ME/CFS AUSTRALIA (SA) INC
Registered Charity 698
PO Box 28,
South Australia 5007
North Terrace House,
19 North Terrace,
Hackney, SA, 5069
1300 128 339
Closed over Christmas
(reopened 1 February 2017)
ME/CFS Australia (SA) Inc supports the needs of sufferers of Myalgic Encephalomyelitis, Chronic Fatigue Syndrome and related illnesses. We do this by providing services and information to members.
ME/CFS Australia (SA) Inc aims to keep members informed of various research projects, diets, medications, therapies, news items, etc. All communication, both verbal and written, is merely to disseminate information and not to make recommendations or directives.
Unless otherwise stated, the views expressed on this Web site are not necessarily the official views of the Society or its Committee and are not simply an endorsement of products or services.
New Studies Find Causes Of Fibromyalgia, Offer Hope Of Relief
Sunday 4 January 2015
New studies find causes of fibromyalgia, offer hope of relief
WASHINGTON, Nov. 11, 2013 — Two new studies on fibromyalgia focus the problem on the thyroid, pituitary and hypothalamus, and suggest new avenues of relief for sufferers.
Research from the Fibromyalgia Research Foundation reveals deficient thyroid hormone regulation (DTHR) as an underlying cause of Fibromyalgia (FM). Poor diet, poor physical fitness and metabolism slowing drugs are primary contributors to symptoms as do additional hormonal imbalances of cortisol, estrogen and progesterone.
Another study, by Dr. John Lowe, Diplomat of the American Academy of Pain Management and Director of Research at the Fibromyalgia Research Foundation in the UK claims “indisputable proof” that the primary cause of fibromyalgia (FM) are with the pituitary gland or the hypothalamus.
The most often reported symptoms of FM so closely match with hypothyroidism that many physicians order a standard thyroid test in response to complaints from FM sufferers. When that test comes back negative, physicians dismiss a thyroid or hormonal disease.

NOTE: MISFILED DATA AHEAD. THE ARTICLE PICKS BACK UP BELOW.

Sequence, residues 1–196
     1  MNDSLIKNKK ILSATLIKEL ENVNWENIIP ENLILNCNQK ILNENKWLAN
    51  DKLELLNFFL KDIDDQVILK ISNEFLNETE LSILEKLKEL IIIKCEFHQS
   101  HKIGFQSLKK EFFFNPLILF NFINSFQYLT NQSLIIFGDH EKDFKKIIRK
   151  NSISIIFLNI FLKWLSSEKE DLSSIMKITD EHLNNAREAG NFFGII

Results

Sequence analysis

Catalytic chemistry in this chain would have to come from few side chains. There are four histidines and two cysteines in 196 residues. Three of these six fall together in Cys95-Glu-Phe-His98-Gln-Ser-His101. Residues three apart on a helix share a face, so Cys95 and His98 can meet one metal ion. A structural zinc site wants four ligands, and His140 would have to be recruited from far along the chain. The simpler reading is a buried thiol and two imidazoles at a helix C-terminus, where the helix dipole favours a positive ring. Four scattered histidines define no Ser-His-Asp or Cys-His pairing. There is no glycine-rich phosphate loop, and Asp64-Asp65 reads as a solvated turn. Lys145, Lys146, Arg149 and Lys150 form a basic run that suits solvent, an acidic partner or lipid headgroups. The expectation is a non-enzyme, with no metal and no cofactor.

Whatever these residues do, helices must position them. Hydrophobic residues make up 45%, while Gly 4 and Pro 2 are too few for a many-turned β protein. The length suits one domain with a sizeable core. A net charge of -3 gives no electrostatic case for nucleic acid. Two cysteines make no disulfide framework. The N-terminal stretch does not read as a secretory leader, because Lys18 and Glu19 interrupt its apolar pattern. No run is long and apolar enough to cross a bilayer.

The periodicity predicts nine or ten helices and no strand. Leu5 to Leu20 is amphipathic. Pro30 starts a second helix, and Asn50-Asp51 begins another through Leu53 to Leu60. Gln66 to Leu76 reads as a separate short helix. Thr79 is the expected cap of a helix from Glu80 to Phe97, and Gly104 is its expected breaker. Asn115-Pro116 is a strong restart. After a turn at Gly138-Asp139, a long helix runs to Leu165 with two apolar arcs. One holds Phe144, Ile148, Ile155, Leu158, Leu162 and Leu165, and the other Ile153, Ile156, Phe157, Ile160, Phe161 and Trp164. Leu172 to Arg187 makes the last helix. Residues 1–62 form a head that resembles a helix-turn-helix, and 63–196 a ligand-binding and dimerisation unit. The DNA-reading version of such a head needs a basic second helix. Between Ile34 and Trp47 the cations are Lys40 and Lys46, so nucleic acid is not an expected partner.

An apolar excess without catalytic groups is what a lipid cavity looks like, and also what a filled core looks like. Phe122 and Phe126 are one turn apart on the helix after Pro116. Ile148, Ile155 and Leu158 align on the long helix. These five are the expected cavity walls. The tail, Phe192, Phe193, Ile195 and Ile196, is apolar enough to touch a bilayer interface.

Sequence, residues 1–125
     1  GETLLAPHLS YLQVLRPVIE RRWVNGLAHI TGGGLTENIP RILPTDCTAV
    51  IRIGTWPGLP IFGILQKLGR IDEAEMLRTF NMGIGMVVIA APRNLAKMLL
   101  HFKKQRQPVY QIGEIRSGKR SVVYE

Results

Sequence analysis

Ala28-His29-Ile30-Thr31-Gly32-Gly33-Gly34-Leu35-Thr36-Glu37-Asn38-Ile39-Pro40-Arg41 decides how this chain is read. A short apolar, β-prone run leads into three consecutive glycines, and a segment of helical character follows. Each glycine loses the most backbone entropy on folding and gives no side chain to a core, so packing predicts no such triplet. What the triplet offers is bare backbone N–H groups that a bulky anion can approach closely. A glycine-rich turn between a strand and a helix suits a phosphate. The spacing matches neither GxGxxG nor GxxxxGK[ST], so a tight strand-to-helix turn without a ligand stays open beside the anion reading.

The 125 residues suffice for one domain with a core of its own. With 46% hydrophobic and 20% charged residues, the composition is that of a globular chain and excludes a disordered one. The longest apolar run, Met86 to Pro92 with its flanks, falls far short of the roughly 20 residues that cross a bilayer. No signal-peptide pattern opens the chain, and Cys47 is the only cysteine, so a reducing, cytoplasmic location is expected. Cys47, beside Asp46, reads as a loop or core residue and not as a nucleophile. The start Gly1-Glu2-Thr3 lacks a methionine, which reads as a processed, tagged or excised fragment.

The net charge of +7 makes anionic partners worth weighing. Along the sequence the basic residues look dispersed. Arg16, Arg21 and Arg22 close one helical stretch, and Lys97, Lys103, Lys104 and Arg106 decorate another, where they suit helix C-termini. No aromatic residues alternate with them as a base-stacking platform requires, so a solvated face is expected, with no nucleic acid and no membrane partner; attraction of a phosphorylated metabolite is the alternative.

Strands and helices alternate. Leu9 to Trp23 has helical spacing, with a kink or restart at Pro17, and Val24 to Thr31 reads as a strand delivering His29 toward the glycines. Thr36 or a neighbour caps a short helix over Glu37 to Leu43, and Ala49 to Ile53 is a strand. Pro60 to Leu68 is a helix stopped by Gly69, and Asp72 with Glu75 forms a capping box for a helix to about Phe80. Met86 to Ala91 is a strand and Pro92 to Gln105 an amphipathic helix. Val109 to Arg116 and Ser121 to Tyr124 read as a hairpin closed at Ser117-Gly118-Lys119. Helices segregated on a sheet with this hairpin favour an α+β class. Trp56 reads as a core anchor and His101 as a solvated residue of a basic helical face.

Health care practitioners use the TSH test, or thyroid stimulating hormone tests, to determine whether the thyroid is malfunctioning. TSH is produced when the hypothalamus releases a substance called thyrotropin releasing hormone (TRH) and triggers the pituitary gland to release TSH. TSH causes the thyroid to make two hormones, triiodothyronine (T3) and thyroxine (T4), to help control body metabolism.
Many of those tested show ‘thyroid anti-bodies’ with a normal TSH. The presence of anti-bodies indicates the thyroid is in the process auto-immune failure. However, because the TSH levels are normal, doctors do not prescribe medications.
Endocrinologists support treating the thyroid even if the TSH test is within normal range. The patient may present with symptoms of hypo-thyroidism, hyper-thyroidism or a flux of the two and often told they have FM.
The UK studies claim this description is, in fact, FM.
There is a condition called thyroiditis, where the thyroid is inflamed and reveals FM like symptoms. A most serious issue is when TSH results come back as ‘normal range’. This affliction is most prevalent in females.